Indian pharmaceutical companies are anticipating tax breaks and financial support for research into novel medications as Prime Minister Narendra Modi's administration prepares a federal budget, expected to be unveiled in July. This budget will mark Modi's initial significant policy statement in his third term as Prime Minister. Experts emphasize that Indian drug producers must concentrate on advancing beyond standard generics to more complex medications to maintain the country's reputation as the 'pharmacy of the world' for its cost-effective medicines.

Krishna Ella, Chairman of Bharat Biotech, suggested during a recent event in Hyderabad that income tax exemptions for 5-10 years on new molecules developed in India could stimulate innovation at the grassroots level, encouraging companies to invest in research. Bharat Biotech is renowned for creating Covaxin, India's first indigenous COVID-19 vaccine. With its pharmaceutical market projected to reach $130 billion by the end of the decade, India ranks as the world's third-largest drug producer by volume, behind the United States and China, and is a major producer of generic drugs.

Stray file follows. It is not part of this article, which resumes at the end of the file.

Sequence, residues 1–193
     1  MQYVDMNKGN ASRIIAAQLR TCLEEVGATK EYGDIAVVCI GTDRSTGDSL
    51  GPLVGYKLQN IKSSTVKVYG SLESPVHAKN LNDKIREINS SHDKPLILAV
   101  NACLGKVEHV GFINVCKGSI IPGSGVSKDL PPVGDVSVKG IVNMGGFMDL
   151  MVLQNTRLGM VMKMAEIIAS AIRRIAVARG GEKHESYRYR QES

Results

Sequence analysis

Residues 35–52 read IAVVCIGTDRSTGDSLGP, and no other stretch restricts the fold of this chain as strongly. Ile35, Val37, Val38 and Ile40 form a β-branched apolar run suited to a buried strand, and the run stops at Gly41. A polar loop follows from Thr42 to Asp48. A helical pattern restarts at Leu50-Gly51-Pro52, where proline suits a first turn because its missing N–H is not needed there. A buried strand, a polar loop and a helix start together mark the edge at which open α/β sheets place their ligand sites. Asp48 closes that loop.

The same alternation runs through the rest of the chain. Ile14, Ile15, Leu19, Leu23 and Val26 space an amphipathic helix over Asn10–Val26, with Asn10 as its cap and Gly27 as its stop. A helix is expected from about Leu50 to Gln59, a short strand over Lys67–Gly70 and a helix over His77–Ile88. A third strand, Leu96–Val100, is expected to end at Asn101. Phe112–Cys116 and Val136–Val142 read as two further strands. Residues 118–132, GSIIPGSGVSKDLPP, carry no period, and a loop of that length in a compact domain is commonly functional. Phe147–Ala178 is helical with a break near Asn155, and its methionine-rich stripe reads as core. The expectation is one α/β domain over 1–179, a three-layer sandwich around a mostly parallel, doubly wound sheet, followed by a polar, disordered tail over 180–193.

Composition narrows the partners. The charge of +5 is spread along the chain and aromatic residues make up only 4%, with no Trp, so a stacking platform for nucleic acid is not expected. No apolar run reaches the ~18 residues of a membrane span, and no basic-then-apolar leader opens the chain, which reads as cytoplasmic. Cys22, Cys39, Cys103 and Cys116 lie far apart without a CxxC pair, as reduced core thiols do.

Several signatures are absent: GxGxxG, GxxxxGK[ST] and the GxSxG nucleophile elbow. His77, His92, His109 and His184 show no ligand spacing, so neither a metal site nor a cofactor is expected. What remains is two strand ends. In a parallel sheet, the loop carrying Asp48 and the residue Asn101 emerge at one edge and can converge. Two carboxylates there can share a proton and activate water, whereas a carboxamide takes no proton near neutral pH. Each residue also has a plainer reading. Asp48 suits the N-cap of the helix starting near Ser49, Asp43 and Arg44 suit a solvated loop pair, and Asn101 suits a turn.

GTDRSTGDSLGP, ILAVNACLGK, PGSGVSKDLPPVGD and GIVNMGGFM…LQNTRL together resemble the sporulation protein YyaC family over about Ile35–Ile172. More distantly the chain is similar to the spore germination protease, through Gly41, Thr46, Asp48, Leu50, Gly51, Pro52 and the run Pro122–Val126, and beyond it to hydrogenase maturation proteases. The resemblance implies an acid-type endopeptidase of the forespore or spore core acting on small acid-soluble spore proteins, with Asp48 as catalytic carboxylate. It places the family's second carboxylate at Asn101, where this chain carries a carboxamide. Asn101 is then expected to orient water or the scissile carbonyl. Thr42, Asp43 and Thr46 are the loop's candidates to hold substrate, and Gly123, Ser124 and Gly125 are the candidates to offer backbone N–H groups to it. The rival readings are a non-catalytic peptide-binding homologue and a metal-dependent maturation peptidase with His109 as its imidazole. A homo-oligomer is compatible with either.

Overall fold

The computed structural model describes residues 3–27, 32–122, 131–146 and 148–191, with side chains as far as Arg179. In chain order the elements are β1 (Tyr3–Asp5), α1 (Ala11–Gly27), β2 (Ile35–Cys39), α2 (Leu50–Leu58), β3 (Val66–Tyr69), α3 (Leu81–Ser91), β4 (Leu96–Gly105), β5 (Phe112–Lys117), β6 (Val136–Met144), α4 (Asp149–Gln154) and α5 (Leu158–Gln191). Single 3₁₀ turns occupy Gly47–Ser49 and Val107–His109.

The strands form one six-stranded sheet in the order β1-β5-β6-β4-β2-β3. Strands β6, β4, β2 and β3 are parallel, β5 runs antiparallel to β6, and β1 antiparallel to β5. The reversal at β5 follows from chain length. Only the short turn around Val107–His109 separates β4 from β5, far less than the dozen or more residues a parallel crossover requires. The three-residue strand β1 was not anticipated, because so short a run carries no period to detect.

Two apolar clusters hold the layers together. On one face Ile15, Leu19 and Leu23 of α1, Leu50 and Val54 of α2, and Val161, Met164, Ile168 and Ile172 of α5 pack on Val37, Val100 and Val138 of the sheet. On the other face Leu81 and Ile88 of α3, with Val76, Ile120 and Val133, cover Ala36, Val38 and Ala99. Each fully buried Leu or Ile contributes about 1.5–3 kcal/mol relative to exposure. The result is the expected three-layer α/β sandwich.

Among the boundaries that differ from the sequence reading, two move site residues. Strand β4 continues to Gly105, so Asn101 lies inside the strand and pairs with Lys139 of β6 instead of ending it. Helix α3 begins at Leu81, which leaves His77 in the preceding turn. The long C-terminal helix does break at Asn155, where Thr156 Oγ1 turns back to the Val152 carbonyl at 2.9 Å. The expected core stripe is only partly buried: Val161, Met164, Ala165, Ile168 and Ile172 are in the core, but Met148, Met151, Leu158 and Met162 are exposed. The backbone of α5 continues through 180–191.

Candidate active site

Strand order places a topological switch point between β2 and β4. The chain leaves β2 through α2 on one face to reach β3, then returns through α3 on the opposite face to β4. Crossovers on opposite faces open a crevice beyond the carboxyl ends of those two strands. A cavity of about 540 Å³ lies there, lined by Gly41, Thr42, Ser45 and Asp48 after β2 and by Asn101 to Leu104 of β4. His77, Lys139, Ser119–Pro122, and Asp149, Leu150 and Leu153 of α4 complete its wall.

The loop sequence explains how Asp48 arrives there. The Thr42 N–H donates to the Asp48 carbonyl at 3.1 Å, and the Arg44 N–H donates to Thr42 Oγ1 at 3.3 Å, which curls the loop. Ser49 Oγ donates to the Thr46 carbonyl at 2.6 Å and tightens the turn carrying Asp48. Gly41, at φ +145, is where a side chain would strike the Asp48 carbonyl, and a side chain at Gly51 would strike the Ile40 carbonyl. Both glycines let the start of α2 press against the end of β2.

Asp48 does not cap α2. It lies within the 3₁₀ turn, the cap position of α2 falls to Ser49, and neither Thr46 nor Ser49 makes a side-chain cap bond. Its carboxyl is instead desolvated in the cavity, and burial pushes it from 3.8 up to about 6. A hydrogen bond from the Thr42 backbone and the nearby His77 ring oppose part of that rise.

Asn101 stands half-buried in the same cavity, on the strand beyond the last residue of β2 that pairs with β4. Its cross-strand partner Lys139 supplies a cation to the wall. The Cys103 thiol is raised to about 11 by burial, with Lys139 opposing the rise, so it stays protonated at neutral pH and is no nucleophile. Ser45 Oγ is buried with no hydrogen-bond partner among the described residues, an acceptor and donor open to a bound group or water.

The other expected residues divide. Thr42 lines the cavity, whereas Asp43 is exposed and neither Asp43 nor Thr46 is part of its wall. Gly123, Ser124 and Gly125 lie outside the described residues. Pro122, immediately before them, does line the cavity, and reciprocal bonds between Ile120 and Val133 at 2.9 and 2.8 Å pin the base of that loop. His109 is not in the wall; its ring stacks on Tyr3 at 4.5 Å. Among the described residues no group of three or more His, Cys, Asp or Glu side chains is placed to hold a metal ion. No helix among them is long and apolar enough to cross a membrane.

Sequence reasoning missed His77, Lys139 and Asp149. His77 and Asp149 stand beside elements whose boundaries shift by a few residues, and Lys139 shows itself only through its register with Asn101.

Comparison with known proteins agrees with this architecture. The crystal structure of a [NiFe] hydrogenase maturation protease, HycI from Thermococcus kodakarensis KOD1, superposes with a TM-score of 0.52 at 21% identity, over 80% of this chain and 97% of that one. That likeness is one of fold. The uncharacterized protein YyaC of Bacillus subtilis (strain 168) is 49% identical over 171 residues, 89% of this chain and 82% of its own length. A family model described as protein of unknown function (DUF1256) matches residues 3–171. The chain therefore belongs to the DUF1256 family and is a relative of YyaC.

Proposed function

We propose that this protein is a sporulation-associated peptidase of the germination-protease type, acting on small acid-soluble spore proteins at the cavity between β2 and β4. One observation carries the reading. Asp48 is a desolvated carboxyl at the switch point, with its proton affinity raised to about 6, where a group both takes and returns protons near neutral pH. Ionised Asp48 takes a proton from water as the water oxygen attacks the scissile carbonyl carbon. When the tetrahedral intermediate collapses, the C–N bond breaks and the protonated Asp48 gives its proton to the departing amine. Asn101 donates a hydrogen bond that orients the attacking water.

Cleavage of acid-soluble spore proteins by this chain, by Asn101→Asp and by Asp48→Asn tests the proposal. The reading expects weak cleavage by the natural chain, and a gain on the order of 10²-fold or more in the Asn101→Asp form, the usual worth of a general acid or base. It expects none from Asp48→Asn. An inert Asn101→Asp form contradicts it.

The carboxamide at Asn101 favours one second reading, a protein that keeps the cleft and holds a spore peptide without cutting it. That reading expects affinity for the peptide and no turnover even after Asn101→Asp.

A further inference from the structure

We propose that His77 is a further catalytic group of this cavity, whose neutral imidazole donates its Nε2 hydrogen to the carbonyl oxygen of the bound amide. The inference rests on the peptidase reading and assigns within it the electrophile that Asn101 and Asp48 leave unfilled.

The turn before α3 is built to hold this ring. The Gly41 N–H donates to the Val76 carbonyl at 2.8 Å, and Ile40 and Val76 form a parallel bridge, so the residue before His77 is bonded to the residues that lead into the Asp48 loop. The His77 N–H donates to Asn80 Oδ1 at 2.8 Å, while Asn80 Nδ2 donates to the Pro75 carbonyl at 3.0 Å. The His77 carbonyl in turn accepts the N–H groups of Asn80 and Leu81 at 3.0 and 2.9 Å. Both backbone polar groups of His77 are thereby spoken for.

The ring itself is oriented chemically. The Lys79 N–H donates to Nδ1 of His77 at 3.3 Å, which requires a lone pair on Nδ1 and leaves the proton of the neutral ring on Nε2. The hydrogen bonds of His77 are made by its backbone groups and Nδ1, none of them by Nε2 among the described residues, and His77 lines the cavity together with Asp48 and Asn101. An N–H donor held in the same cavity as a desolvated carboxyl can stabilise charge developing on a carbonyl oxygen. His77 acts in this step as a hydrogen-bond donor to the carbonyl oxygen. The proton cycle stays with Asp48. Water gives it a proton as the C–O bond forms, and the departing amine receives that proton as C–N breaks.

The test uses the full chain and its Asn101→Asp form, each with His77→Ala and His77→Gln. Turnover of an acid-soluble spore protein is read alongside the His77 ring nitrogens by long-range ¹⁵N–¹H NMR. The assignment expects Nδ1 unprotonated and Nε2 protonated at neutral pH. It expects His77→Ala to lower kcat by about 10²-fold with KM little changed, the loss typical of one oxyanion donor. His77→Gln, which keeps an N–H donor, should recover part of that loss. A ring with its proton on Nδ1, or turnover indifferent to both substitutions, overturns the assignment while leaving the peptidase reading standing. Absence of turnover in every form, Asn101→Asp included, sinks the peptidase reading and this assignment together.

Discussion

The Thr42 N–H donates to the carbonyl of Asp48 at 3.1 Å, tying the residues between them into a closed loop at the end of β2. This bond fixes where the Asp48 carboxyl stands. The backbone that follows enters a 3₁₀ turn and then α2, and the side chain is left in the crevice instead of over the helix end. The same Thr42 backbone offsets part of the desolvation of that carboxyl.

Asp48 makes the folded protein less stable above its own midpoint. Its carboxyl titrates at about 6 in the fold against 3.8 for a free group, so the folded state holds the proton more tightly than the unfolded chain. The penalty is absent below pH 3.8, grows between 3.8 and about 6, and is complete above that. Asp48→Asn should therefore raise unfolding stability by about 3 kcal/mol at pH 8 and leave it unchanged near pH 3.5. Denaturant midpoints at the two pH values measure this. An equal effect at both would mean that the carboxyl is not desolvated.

Bernstein, a research firm, highlighted in March the necessity for India to establish a domestic market where innovative drugs can be profitable at reasonable prices. The firm cautioned that investing heavily in clinical trials without pricing power is not a viable business model for pharmaceutical companies. Additionally, Bernstein advocated for insurance coverage for new drugs and harmonized regulatory standards for manufacturing and clinical trials to promote innovation. Although India has offered incentives since 2020 to boost manufacturing across various sectors, novel drug manufacturers have not yet been included.

Partha Saradhi Reddy, Chairman of Hetero Drugs, expressed optimism that the government is assessing the effectiveness of its current schemes and anticipates a policy to enhance research and development in the industry. India's pharmaceutical exports, particularly to the US generics market, are forecasted to double to $55 billion by 2030, according to the Pharmaceuticals Export Promotion Council of India (Pharmexcil). Raja Bhanu, Director General of Pharmexcil, emphasized the need for innovative approaches to maintain India's global prominence in the pharmaceutical sector.